Hunting Thomson's Gazelle in Africa

Hunting Thomson's Gazelle in Africa

A gazelle is one of an African antelope species in the genus Gazella.  The name gazelle is from the Persian word Ghazel that means “elegant and quick”.  When you hunt Thomson's gazelle in Africa you are not hunting just one animal.  There are nineteen species of gazelle according to the Integrated Taxonomic Information System (ITIS).  The smaller species, like Thomson’s gazelle and Speke’s gazelle, are only 20 to 43 inches at the shoulder and weigh from 26 to 165 pounds.  The dama gazelle is the largest gazelle at 88 to 165 pounds and 4.5 to 5.5 feet tall.

One very familiar gazelle is the African Thomson’s gazelle (Eudorcas thomsonii).  The males have long, curved horns that are heavier than the female’s, and strongly ringed.  Females have horns that are slimmer, straighter, and smoother than those of the male.  Female Thomson’s gazelle live in herds of 10 to 30 animals along with their young.  Males either live alone, or in small, all-male, groups.  Mating season is timed so that the newborn fauns are born during the rainy season so that they have enough water to drink.  Gestation is six months, and one or two fauns are born.  For the first few months the ewe hides the faun in tall grass.  The fauns stay with the ewe while nursing.  Then, when they can care for themselves, they are moved into the herds.  Lifespan of the gazelle is 10 to 12 years.

Thomson's gazelle are fast animals.  Some can do short bursts at 60 miles per hour, or sustain 30 miles per hour for great distances.  Most gazelle subspecies dwell in deserts, savannas, and the grasslands of Africa.  To subsist in hot, dry climates, these gazelles have the ability to shrink their heart and liver.  A smaller heart and liver need less oxygen, so the gazelle can breath less often, and because moisture is lost when breathing, loose less water.  They are herd animals and their diet is composed of easily digested plants, leaves, and grass. 

Many gazelle species have a distinctive behavior of stotting when danger is near.  This involves running and jumping at the same time.  There are many predators that hunt Thomson's gazelle in Africa. These are lion, cheetah, leopard, hyena, and African wild dogs.  An African gazelle will flick its tail, or stamp its feet to warn other gazelles of the presence of a predator.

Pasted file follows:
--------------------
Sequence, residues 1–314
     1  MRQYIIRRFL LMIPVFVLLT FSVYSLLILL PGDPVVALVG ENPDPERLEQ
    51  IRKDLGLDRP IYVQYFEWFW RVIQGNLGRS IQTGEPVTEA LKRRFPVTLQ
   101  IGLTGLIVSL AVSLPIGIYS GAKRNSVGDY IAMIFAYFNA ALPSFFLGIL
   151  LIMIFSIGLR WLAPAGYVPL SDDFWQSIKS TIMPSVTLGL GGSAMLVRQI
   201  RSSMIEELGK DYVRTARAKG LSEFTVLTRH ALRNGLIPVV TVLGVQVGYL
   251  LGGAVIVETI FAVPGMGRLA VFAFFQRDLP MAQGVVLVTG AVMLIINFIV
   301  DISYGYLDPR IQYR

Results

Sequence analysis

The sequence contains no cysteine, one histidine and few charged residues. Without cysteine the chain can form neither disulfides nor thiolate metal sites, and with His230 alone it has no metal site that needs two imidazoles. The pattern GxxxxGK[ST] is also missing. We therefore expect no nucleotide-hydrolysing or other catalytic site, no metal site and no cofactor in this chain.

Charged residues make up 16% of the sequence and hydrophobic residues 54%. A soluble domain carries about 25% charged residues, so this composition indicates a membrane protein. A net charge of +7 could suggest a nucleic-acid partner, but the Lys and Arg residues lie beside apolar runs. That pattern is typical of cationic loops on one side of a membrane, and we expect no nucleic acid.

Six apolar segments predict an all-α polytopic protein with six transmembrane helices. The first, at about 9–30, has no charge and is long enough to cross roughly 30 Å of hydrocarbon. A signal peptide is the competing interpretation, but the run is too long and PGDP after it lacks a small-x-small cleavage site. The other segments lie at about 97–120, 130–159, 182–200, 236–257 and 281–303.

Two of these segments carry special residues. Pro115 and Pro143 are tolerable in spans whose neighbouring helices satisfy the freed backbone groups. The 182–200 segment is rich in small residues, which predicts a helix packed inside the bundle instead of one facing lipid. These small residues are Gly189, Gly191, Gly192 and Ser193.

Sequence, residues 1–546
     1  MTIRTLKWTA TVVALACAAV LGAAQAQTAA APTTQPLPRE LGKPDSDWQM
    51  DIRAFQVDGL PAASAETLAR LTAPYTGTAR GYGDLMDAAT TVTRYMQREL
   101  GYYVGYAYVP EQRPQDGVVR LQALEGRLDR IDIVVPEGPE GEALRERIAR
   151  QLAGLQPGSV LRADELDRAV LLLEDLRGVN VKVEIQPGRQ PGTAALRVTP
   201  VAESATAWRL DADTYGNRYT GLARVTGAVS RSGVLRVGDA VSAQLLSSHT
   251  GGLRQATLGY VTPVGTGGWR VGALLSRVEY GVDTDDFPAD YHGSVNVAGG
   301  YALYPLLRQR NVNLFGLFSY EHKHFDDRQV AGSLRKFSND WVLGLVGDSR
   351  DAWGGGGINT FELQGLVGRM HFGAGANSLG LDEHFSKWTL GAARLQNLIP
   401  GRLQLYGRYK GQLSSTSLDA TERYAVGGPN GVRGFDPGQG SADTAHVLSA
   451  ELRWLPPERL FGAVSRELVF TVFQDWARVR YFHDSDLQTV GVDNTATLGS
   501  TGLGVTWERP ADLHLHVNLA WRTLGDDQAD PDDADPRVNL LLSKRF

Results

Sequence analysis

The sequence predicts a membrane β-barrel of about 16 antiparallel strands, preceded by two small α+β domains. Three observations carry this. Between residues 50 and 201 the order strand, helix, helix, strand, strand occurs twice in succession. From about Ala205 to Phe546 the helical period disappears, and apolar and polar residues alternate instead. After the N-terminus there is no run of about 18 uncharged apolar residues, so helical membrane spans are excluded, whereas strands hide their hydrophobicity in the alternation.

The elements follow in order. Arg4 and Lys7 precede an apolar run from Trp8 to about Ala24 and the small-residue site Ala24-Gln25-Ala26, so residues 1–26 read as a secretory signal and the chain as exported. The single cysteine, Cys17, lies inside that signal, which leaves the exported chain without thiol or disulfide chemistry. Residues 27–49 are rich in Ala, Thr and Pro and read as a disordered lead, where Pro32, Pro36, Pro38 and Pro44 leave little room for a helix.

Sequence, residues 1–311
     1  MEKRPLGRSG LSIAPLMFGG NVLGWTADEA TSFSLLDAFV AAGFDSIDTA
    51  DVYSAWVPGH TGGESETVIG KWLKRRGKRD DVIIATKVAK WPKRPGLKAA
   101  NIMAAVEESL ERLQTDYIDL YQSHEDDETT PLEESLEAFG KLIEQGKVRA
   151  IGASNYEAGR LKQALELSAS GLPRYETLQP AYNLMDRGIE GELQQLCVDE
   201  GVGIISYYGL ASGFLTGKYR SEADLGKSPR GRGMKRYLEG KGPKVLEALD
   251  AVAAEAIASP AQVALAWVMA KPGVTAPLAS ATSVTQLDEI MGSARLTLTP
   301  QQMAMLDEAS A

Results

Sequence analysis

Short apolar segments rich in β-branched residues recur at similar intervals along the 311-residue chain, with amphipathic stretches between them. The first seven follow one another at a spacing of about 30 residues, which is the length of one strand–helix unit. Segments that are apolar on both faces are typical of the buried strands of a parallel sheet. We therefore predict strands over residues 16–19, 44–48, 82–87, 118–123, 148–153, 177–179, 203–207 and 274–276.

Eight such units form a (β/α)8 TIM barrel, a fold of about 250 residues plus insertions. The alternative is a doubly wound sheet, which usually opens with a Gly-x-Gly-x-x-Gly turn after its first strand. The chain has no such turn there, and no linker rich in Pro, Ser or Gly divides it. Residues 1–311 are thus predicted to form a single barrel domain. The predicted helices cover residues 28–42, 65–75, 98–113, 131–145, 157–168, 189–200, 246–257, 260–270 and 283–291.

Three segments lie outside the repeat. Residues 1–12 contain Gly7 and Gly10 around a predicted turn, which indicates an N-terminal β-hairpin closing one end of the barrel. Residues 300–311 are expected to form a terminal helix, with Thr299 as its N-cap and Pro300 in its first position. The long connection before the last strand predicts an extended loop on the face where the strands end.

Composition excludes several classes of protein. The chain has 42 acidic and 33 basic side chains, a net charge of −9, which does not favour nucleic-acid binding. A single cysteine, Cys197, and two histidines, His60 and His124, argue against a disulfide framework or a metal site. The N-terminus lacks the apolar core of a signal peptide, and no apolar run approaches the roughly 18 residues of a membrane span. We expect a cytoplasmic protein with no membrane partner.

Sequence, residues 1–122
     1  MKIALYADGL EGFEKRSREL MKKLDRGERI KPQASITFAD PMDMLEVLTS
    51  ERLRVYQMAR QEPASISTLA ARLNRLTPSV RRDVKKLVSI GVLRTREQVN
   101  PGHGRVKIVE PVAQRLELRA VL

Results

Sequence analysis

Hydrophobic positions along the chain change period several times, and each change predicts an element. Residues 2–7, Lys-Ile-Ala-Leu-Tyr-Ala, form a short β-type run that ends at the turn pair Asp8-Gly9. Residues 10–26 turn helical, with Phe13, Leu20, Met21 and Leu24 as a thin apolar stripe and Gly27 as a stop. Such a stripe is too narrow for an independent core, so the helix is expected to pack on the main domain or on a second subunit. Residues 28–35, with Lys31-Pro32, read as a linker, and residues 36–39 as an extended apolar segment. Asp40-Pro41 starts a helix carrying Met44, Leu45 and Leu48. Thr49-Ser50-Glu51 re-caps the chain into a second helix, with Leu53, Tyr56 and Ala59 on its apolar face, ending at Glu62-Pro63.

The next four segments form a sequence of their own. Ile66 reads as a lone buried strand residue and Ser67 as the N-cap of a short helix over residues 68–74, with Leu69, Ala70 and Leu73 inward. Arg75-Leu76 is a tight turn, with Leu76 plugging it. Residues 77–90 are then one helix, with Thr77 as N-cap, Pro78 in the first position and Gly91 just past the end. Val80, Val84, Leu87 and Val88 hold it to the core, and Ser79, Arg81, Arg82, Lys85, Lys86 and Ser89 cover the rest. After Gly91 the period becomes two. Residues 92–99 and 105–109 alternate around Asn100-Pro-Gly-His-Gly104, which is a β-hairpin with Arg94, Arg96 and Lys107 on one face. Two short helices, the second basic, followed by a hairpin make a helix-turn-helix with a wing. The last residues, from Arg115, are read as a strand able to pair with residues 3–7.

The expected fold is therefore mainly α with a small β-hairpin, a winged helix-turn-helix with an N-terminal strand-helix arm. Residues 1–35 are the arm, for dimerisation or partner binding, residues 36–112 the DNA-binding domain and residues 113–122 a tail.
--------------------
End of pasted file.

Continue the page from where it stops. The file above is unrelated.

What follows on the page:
African gazelles are herbivores, and consume only vegetable products like fresh shoots of plants, leaves, and grass.  They will drink water during the dry months, but are capable of going without water for long periods of time.  Some gazelle species can go their entire life without drinking water.  They get all the liquid they need from the food they eat.  They graze or browse early in the morning when the vegetation is holding a lot of water.  They lie up during the heat of the day, but will be up and around when the day cools.

Any good rifle suitable for hunting whitetail deer in America is more than suited for hunting Thomson’s gazelle in Africa.  For the smaller species of gazelle, the .243 Winchester cartridge with a 95-100 grain soft point bullet will put the animal down while not blowing large holes in it.  For a heavier-bodied gazelle, the 7 mm, .270, or one of the .30 calibers is sufficient.  When you are hunting Thomson’s gazelle in Africa, you won’t always get a right angle shot at the heart-lung area.  If the gazelle is facing you with its head up, place a shot where the neck joins the body.  If the head is down, a spine shot where the top of the neck meets the body will drop the animal.  Try to avoid head shots when you are hunting Thomson's gazelle in Africa because you can destroy the trophy.